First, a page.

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Democratic state lawmaker proposes 'Testicular Bill of Rights' in protest of abortion 'heartbeat bill'


'If you're going to legislate our bodies, then we have every right to propose legislation to regulate yours'

Image source: YouTube screenshot

Despite her realization that it has little hope of passing, Georgia Democratic state Rep. Dar'shun Kendrick told Rolling Stone she's "dead serious" about her much ballyhooed "Testicular Bill of Rights" she trumpeted Monday morning on Twitter.

As a way of protesting the Georgia House of Representatives passing a bill last week banning abortions after the fetal heartbeat detection, Kendrick spelled out how she wants to "regulate" men's bodies:

  • Before men can get Viagra or or "any erectile dysfunction medication," they have to get permission from their sexual partners.
  • Vasectomies are banned, and doctors who perform them are charged with crimes.
  • It's "aggravated assault" for men to have sex without condoms.
  • Paternity testing is required between six and eight weeks of pregnancy — and then fathers-to-be must start paying child support "IMMEDIATELY."
  • Men who want to purchase porn or sex toys must endure a 24-hour waiting period.

Image source: Twitter

Kendrick added to Rolling Stone that her point is to "bring awareness to the fact that if you're going to legislate our bodies, then we have every right to propose legislation to regulate yours."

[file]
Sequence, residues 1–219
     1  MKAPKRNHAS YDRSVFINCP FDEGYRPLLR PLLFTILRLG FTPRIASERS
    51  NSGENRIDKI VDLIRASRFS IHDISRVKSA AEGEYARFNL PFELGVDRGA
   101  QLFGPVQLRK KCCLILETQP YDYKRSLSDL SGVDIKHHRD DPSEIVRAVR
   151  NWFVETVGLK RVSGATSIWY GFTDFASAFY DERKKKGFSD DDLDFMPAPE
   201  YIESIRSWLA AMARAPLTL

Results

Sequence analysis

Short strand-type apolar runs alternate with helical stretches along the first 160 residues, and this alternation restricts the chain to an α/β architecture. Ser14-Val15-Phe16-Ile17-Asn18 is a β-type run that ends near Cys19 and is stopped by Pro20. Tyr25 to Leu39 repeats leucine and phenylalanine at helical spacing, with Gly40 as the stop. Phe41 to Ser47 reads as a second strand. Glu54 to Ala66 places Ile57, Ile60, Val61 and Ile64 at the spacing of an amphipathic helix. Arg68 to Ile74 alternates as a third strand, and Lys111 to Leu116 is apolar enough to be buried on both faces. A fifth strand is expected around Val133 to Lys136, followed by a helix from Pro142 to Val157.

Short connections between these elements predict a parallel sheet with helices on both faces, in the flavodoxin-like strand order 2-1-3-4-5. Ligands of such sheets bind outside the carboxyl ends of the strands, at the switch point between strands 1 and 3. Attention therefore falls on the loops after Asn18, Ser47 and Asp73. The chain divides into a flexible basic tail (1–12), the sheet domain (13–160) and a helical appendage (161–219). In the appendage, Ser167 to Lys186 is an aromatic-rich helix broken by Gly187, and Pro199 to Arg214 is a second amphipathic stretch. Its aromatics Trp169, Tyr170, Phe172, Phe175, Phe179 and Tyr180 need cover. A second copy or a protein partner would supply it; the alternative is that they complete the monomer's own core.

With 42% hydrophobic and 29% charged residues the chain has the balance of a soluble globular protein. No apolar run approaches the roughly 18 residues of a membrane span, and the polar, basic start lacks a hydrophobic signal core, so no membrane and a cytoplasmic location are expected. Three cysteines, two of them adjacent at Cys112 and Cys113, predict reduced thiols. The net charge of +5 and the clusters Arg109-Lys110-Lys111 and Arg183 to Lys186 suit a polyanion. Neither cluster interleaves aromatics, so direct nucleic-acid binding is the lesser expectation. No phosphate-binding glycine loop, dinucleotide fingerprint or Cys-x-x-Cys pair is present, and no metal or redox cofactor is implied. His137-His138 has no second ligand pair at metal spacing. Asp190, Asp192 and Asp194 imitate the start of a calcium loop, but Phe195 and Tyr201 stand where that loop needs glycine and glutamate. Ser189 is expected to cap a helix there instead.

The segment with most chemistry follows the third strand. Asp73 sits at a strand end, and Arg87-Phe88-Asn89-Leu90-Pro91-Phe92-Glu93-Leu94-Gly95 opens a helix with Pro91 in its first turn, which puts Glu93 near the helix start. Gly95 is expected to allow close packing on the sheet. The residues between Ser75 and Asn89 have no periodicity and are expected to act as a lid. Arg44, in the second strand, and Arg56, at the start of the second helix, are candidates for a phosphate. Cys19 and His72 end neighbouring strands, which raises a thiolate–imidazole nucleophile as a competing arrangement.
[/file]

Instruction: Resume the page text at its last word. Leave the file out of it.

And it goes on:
In regard to Georgia's "heartbeat bill," it's expected to pass the state Senate and then would await Republican Gov. Brian Kemp's signature, the magazine said.

'They know exactly what they are doing'

Kendrick, a lawyer who represents Metro-Atlanta's 93rd district, told Rolling Stone the bill is unconstitutional — and that's the whole point.

"It's unconstitutional on purpose: this is a test case. It is a case to test Roe v. Wade," she added to the magazine. "They're hoping that it gets up to the Court of Appeals — the 11th Circuit is one of the most conservative court circuits that we have, and they're hopeful that they will uphold part of it, and then they'll take it all the way to the Supreme Court. They know exactly what they are doing. This is intentional."

Kendrick added to Rolling Stone that "in 2012, we had a bill that took [the cut-off to seek an abortion] from 26 weeks down to 20 weeks, and I knew that as soon as a Republican president got in office and was able to make Supreme Court nominations, that this was the direction we were headed."

'Georgia is going blue'

Beyond her Testicular Bill of Rights shot over the bow — which is "indicative of the people in power being scared that the tides are turning and we are going blue" — Kendrick told the magazine she's looking at a bright future for Democrats in the state.

"Georgia is going blue: we picked up 17 seats this past legislative session," she added to Rolling Stone. "So, as with most things, they are trying to rush it through because they know that it's on the horizon. But if I am still here when Democrats take over, [the heartbeat bill] will be the first bill that I overturn if it's not overturned already."

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